You can’t blame them. There have been numerous cases in recent years where malicious actors created bogus open source packages that looked authentic, or infected existing packages with code that leaks sensitive data such as credentials, environment variables, session tokens and so forth.
Here are a few recent examples:
- Reported malicious module: getcookies
- Research Found Backdoor In Python Library That Steals SSH Credentials
- Code packages available in PyPI contained modified installation scripts
Protecting your applications against malicious 3rd party libraries isn’t simple. You could start by reviewing the source code of each and every dependency you import. If you think this is a tedious task, just wait until you discover that in most cases, your own dependencies will also depend on other dependencies, so good luck with that :-)
NPM 'Express' package Dependencies Visualized By https://npm.anvaka.com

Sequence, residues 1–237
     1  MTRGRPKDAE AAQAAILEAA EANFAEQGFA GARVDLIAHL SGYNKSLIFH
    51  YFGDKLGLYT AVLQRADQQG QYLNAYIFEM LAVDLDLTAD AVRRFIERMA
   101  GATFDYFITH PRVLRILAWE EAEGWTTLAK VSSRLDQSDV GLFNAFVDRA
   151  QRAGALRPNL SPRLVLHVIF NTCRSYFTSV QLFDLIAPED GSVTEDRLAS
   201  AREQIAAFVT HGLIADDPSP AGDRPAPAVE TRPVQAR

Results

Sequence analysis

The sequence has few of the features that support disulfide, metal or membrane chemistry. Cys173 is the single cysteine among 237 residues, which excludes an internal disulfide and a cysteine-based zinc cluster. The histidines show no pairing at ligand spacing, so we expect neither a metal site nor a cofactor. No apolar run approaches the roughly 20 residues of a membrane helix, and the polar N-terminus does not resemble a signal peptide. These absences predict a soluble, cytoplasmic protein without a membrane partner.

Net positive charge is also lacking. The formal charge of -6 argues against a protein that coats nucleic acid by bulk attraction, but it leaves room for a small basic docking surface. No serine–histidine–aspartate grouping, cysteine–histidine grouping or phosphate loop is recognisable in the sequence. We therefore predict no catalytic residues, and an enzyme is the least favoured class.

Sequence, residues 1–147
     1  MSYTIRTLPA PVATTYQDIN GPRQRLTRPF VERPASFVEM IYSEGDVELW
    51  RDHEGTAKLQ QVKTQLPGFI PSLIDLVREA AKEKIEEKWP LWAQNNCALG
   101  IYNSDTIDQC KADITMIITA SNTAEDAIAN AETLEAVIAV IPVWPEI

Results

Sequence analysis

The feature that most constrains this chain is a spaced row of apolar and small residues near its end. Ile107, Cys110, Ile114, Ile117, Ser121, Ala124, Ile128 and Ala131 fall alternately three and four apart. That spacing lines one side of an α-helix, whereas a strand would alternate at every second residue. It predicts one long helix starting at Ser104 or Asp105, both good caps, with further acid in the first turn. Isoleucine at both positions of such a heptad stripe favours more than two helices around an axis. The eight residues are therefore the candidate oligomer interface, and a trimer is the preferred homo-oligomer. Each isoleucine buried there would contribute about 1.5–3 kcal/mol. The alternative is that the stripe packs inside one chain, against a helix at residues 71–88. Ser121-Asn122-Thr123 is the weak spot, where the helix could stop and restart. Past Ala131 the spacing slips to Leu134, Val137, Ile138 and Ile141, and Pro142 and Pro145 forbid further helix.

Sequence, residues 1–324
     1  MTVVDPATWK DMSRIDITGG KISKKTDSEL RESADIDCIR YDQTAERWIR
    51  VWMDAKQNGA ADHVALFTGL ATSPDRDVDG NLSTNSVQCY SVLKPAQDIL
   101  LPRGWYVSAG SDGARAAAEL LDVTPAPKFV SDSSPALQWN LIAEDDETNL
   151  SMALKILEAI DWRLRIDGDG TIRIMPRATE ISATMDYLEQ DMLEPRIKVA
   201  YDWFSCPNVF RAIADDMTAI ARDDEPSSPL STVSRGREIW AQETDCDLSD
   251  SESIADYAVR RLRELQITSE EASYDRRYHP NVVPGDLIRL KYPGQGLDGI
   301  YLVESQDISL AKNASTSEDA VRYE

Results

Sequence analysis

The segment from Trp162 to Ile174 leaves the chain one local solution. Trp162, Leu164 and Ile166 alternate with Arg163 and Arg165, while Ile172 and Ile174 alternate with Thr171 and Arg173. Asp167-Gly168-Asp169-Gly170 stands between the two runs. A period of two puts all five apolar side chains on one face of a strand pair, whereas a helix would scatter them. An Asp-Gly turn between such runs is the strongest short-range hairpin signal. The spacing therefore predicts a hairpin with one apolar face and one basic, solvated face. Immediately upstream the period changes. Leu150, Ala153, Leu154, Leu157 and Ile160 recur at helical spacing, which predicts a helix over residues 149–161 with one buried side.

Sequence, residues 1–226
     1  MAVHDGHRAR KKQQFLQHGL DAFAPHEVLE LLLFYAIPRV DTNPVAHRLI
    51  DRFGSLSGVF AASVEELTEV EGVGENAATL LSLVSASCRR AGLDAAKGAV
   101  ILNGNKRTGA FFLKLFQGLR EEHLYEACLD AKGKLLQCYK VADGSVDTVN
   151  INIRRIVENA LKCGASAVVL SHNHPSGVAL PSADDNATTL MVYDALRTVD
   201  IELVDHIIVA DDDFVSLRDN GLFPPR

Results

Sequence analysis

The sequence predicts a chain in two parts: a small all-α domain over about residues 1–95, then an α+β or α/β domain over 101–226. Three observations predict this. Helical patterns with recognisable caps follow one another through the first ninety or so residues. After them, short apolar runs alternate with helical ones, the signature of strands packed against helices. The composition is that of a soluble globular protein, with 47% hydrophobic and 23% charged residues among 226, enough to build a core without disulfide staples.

If you’re thinking of using your favorite open source package security scanner, which checks for known vulnerabilities such as CVEs - think again. These scanners rely on databases of know vulnerable packages, they are incapable of detecting poisoned or malicious packages that aren't registered in public databases.
If code review is not your thing, your next option is to monitor, block or filter unwanted outbound network connectivity.
In a traditional deployment model - on premise, hosted, in an IaaS environment, and even when using containers, you have the required access to the runtime environment, which means you can use a sniffer to monitor network traffic, or use iptables to limit or block outbound network connectivity. However, in public-cloud serverless environments, you are incapable of doing this - you don’t have access to the underlying infrastructure.
Some organizations have responded to this threat by isolating their sensitive AWS Lambda functions inside a Virtual Private Cloud (VPC) and then restricting outbound traffic from that VPC. However, this VPC-based solution presents its own technical challenges - this article includes a lot of useful information about this topic.